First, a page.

What is an inset kitchen? Interior designers choose this style for an elevated, "expensive" look

Try this cabinet style for a more sleek, streamlined, and bespoke-looking modern kitchen

A kitchen with a mix of white and teal inset cabinets
(Image credit: Bakes & Kropp)

Remodeling a kitchen is a big undertaking. There are a multitude of different design choices to consider, from the type of flooring to your countertop material, but our cabinetry is - understandably - one of the most important. Before you make any commitments on what to choose, however, you'll need to make sure you're clued up on all the options out there, including the inset cabinet style. 

You've heard of shaker cabinets, flat panel fronts, and beaded doors, but do you know what an inset cabinet is? Even if you've heard the name bandied about, what you might not realize is all of the cabinet styles mentioned above can also be inset, making for a more sleek, streamlined, and bespoke-looking modern kitchen

But what's actually meant by inset cabinets, and what do they look like? To find out more about this trending cabinetry idea, we asked a kitchen designer to explain more and share his insights on the various pros and cons. Here's what you need to know.

What is an inset kitchen? 

A white kitchen with wooden floors and inset cabinets

(Image credit: Bakes & Kropp)

If you haven't yet inferred from the name, inset cabinets have doors and drawers that fit inside - or are 'inset' into - the entire cabinet frame so that they sit flush, rather than overlayed on top. Visually, it's a far sleeker kitchen cabinet idea, perfect if you're after a more minimalist look with clean, crisp lines. 

'Inset refers to the original method of cabinetry manufacturing in which the door hangs from a fixed frame using a traditional hinge,' explains Bob Bakes, head of design at Bakes and Kropp. 'The cabinet face is surrounded by its frame on four sides, as opposed to the contemporary overlay face that sits against the frame. Overlay cabinetry was conceptualized as a cost-effective alternative to the traditional, inset method of manufacturing.'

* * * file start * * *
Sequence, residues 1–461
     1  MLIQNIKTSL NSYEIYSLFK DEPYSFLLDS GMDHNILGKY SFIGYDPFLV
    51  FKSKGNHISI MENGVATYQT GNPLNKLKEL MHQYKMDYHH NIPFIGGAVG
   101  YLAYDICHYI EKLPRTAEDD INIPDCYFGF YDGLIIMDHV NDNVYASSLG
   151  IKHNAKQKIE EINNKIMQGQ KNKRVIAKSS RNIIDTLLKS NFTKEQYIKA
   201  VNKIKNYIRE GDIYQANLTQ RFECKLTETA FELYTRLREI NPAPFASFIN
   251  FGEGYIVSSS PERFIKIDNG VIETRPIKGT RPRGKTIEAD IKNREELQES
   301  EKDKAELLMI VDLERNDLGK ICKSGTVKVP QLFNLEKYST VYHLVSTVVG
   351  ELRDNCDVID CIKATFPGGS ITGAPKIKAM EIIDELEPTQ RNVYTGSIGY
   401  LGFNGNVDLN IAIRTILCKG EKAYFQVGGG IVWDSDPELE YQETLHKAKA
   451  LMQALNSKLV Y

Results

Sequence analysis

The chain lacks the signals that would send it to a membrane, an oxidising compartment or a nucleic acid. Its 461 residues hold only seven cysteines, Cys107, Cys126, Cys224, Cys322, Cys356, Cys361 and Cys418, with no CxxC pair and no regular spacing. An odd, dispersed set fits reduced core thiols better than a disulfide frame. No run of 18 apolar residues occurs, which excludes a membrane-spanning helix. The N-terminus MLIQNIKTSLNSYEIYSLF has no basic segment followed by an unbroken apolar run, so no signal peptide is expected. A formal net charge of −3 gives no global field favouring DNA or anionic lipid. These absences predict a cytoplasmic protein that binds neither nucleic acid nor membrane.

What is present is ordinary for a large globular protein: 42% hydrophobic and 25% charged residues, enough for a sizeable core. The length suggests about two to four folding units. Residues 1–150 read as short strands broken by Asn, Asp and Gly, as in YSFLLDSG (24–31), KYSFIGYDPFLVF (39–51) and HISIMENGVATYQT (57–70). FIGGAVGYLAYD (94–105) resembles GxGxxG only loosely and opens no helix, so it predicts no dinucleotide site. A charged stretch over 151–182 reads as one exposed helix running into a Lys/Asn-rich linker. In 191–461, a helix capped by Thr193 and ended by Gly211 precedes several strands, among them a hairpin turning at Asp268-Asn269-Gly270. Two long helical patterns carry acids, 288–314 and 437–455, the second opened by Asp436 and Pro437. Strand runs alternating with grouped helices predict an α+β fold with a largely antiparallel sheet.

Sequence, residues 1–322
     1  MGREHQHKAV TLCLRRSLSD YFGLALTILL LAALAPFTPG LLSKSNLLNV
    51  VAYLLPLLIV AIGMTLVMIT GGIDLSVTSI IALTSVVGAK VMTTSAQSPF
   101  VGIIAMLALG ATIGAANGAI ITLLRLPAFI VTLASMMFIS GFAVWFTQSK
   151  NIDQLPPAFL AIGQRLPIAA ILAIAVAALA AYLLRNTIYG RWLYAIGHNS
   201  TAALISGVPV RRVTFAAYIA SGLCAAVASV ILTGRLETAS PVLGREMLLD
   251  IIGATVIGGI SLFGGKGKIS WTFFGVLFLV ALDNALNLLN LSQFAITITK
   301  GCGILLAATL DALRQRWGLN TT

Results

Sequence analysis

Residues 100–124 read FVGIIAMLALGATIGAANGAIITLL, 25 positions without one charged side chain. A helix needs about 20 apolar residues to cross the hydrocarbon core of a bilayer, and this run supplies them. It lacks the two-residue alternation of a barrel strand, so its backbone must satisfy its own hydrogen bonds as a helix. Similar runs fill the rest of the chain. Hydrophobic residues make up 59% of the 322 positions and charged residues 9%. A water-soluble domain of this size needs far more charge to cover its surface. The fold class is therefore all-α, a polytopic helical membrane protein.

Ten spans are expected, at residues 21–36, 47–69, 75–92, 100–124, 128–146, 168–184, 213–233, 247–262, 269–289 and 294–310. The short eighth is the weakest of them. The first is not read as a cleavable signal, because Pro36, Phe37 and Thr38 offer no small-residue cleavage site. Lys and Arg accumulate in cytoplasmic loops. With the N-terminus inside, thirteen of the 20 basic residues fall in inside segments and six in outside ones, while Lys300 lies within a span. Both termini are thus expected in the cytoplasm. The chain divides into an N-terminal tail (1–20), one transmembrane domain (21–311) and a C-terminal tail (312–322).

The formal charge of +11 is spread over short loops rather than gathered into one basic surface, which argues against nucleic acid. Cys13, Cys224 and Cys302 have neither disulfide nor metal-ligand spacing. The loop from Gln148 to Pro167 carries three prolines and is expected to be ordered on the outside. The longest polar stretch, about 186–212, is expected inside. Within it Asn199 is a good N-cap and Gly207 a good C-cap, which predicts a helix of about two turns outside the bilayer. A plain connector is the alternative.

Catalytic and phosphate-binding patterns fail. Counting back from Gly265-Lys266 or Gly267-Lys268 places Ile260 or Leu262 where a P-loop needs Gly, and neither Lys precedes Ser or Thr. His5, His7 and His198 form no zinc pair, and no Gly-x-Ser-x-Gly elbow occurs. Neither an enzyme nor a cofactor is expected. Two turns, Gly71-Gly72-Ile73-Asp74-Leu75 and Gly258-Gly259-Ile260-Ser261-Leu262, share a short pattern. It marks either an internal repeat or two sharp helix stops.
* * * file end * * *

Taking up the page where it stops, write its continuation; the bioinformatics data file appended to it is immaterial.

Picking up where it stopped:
Overall, they give a more refined, built-in, and bespoke look due to the precise fittings. 

What are the benefits of an inset kitchen?

Close up of wooden inset kitchen cabinets with latches

(Image credit: Emily Gilbert)

'Though there are no huge practical benefits, an inset kitchen has an aesthetically rich, luxurious look that honors the original craftsmanship of cabinetry,' explains Bob. Ultimately, this tailored, custom look that results from the detailed carpentry is one of the best ways to make your kitchen look more expensive

While not groundbreaking, there are a few practical benefits that come with inset kitchens, too. First off, you can bid farewell to the worn, chipped corners of overlay doors and drawers. The built-in cabinet design prevents them from being accidentally nicked or damaged while you're busy rushing around the kitchen with the likes of heavy pans.

The slimmer width of the cabinets without the addition of the overlayed door or drawer will also make your kitchen feel bigger (and will technically save you a smidgen of room, which can be especially useful when it comes to upper cabinets above a countertop).